At the dinner, Neruda and I and other members of the PEN board sat on a dais at the Hotel Pierre. Before the formal program began, I read telegrams from various VIPs. Lo and behold, totally unsought, one message was from President Richard Nixon. This was before Watergate, but he wasn’t very popular in New York City. I felt obligated to read the telegram, and huge boos filled the air of the main dining room. When the outburst subsided, and people had settled, I said, “Now that we’ve expressed ourselves, we can go on with the program.” I sat down next to Neruda and his face was absolutely pale. He was terrified. “Will the police come?” he said. He really thought that the event would be raided and all of us would end up in jail.
PEN: Why the interest in inviting foreign writers?
FLEMING: I thought that American PEN was in danger of not having enough contact with foreign PEN centers. Since I had gone to a couple of international conferences before I became president, I knew how important these contacts were. When I was president I always did my very best to get friendly with the prominent writers from those centers.
I became especially friendly with Heinrich Böll, the great German novelist. Germany was just emerging from the horrors of Nazism and the damage it had done to the reputation of all Germans. Böll had this huge sense of international responsibility. He was horrified by the censorship in Russia for instance. He seemed to me someone who would make a great international president. When we met in Lyon for our international conference we had to elect a new international president and I nominated him. The reaction of the French was not pretty. They absolutely blew their stacks.
PEN in those days was a mini-U.N. Many delegations from other countries, particularly South America, gravitated to the Americans. I knew a lot of these people and I was able to politic very, very assiduously for twenty-four hours to convince them that choosing Böll as president would be a contribution to international peace. We would be saying, “Germany is back in the family of nations; we believe that they are trying to expiate the horrors and the crimes of Nazism, and here is our testimony.” At the next meeting, one of the French delegates stood up and he said, “I have a proposal to make. There will be no secret ballot for this meeting. There will be voice voting. Everyone will have to testify who they vote for.” And he glared around the room, all but saying, “Does anybody here have the nerve to vote in public for a German?” I immediately protested. I said, “That is a ridiculous idea; we’ve always voted by secret ballot, why shouldn’t we now?” The Frenchman said, “A secret ballot is undemocratic!” That was voted down with a huge burst of laughter. Heinrich Böll became our international president.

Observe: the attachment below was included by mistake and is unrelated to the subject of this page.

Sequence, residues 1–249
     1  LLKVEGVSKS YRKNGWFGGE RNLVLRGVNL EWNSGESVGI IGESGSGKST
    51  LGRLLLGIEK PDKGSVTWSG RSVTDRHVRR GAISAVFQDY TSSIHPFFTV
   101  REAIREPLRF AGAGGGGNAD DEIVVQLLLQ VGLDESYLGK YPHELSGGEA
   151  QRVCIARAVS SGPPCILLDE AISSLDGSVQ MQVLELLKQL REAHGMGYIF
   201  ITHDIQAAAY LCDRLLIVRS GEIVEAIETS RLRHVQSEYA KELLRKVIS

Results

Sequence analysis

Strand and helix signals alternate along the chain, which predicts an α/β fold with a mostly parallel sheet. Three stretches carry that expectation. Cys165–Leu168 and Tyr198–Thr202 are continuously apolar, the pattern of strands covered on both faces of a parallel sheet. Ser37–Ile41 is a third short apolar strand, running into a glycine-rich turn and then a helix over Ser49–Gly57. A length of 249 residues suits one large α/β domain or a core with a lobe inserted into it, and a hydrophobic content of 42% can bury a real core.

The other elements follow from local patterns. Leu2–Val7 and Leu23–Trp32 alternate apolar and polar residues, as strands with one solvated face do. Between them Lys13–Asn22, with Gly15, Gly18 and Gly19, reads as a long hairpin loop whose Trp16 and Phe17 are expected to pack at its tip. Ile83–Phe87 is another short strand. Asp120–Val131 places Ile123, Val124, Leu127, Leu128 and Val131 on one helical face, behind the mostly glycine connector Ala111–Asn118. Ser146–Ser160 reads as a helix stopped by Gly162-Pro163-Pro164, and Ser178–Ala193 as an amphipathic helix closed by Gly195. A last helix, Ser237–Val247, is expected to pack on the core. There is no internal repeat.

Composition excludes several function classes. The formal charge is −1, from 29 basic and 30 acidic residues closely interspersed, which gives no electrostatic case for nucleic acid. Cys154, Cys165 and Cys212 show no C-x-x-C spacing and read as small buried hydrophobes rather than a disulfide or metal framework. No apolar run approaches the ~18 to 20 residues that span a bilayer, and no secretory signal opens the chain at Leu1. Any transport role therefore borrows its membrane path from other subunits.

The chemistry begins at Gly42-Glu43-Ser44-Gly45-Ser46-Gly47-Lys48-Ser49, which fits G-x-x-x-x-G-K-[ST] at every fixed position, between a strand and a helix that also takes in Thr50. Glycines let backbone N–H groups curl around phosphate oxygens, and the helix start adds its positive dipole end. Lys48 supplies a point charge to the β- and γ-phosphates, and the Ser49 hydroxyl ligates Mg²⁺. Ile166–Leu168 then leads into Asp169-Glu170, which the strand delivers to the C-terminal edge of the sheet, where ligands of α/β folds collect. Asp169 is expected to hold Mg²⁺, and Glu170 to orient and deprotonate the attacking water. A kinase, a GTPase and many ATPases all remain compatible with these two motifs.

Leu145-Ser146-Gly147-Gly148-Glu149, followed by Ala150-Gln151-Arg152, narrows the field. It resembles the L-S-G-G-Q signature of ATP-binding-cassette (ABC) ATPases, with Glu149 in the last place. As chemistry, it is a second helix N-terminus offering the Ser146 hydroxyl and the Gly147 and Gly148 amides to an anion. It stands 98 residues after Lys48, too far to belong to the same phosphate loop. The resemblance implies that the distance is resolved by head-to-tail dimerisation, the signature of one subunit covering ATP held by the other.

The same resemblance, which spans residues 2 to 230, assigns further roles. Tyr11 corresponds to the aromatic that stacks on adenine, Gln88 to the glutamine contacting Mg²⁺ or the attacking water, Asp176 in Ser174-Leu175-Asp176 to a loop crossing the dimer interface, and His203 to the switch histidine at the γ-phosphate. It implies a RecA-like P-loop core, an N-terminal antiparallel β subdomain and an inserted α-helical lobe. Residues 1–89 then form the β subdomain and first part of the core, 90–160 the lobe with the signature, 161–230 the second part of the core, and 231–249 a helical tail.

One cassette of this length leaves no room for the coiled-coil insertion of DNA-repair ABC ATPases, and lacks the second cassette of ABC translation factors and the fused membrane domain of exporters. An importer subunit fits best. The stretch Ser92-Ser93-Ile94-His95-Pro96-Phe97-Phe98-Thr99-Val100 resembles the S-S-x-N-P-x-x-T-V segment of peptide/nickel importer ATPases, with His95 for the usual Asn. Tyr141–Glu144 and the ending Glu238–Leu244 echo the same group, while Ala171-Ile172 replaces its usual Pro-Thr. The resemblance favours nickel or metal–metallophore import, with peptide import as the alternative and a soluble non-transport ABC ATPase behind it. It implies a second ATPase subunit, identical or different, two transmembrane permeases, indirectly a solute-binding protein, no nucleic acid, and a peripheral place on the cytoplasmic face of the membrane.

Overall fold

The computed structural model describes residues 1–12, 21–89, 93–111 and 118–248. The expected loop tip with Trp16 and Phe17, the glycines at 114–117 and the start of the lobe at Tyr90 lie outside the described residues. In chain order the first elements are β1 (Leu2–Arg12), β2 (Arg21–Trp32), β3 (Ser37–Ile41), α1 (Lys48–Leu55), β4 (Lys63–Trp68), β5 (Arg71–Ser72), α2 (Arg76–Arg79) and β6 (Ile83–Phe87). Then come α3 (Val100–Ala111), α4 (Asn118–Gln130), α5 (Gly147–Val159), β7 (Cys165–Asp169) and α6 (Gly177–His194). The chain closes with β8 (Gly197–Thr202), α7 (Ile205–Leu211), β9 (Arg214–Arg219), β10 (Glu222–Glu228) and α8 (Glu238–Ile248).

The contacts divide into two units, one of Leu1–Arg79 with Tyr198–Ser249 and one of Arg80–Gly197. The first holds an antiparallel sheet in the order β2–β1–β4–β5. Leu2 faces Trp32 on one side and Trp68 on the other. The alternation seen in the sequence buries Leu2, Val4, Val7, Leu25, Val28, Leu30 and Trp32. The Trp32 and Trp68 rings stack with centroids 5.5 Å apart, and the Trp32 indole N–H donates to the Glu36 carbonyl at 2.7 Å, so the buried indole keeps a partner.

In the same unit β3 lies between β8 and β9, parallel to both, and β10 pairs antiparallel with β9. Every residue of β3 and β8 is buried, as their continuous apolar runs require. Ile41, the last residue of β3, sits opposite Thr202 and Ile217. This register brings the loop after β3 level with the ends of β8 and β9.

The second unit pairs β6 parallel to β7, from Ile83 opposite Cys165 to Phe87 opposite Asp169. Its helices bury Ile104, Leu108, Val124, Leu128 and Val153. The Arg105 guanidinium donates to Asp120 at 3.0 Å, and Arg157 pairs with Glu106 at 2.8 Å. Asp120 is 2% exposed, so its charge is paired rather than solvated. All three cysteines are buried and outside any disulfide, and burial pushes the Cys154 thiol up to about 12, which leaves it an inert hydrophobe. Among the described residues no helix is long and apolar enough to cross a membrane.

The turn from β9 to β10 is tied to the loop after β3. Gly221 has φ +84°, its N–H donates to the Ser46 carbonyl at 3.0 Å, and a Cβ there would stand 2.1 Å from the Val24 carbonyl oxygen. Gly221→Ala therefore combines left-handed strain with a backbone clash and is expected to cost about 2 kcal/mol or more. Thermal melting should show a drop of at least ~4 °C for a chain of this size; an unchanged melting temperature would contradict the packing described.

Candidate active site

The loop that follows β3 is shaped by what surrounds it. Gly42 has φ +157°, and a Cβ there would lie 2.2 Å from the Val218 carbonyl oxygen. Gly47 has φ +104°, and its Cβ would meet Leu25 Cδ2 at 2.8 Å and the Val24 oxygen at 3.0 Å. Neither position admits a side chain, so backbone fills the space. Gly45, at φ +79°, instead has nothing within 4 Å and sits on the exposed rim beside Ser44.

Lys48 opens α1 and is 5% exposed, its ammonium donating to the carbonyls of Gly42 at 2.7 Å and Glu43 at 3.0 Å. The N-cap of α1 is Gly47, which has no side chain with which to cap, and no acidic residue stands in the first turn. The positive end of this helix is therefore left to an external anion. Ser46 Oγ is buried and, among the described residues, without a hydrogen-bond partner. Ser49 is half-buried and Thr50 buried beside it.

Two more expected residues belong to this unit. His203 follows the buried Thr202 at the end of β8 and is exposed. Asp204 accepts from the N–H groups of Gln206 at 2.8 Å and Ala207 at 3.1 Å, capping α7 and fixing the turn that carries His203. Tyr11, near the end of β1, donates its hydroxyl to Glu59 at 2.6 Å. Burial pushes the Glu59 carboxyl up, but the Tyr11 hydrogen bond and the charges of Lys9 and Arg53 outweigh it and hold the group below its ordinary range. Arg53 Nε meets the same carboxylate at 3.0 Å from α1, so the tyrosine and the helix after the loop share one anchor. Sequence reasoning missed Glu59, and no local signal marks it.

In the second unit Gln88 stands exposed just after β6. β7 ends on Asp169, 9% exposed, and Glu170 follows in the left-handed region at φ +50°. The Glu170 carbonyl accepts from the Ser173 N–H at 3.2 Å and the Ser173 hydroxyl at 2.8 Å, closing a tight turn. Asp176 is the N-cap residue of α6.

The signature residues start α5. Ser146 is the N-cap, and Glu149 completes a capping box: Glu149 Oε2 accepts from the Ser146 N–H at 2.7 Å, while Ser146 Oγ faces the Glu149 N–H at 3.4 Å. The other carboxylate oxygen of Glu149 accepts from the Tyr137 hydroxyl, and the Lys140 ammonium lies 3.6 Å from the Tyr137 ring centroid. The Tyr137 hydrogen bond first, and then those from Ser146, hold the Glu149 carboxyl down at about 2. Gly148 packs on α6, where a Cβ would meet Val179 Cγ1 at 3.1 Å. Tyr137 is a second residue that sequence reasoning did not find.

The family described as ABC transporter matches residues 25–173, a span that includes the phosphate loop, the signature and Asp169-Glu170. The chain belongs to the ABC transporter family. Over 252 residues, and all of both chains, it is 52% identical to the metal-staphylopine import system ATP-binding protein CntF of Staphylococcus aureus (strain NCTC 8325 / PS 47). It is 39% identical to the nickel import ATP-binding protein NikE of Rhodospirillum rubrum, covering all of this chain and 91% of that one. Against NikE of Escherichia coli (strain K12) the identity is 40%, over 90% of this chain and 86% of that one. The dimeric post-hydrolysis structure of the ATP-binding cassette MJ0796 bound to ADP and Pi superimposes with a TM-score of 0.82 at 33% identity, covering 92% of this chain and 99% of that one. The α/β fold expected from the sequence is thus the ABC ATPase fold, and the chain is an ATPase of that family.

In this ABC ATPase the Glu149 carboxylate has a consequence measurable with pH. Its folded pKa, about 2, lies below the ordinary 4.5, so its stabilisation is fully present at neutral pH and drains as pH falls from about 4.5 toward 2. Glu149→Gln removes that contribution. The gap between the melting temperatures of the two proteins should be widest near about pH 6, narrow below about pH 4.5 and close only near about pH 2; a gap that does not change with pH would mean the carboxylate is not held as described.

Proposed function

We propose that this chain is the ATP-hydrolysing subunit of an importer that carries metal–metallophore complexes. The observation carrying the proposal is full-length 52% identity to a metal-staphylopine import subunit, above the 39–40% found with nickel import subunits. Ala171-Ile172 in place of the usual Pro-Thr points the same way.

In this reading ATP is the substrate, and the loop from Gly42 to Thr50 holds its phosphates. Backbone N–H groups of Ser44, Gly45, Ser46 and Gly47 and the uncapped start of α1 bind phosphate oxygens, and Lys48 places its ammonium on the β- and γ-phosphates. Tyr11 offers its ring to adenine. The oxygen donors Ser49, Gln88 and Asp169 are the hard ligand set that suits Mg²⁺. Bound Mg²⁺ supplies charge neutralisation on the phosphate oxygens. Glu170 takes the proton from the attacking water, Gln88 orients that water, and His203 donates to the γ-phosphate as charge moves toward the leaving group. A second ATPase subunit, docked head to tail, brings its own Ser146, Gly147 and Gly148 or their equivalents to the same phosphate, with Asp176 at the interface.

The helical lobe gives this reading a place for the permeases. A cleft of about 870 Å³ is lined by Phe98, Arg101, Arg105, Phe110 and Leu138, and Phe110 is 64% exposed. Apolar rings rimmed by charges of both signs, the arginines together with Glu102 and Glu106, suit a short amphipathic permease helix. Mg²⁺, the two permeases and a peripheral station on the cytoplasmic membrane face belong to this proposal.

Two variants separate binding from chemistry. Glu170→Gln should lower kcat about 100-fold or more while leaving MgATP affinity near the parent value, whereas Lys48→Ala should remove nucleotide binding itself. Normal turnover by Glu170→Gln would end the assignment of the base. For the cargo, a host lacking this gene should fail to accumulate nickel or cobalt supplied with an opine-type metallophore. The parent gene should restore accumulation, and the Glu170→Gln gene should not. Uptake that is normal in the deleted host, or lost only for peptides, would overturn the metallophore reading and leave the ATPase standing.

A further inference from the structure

A few months later, Böll did something that, as far as I know, no other international president has ever attempted. He decided to travel through Russia and talk not just to the top people in Moscow but to the mayors and politicians of small cities. He did finally go to Moscow and talked to some top officials there. He told them, “I’ve spoken with people all over Russia, and they don’t like your censorship any more than I do. They don’t think you need to silence writers. You are a great country. Why don’t you just give writers their freedom?” He got absolutely nowhere.
Back in Germany, Böll wrote me a wonderful letter. He wanted to let me know what he had tried to do. He was so heartbroken. It was so, so touching.
There was indeed a payoff. A year or so later, the Russians kicked Solzhenitsyn out of the country. He had been in Siberia and when he got back he started misbehaving all over again. When they exiled him, they gave him Böll’s address! As you can imagine, Solzhenitsyn was greeted with open arms and went on to have a great career as a dissident writer outside of Russia. It is all, I think, attributable to PEN. It made me proud to be a member.
Two or three years after Böll became president of International PEN, he won the Nobel Prize. He said to me once, “Tom, PEN purified me by making me international president.” He believed the Nobel board would never have given the prize to a German if he hadn’t been able to win PEN’s affirmation of his moral and literary merits. I felt that way, too. It was a very great and moving accomplishment of PEN’s to help bring Germany back into the family of nations that way.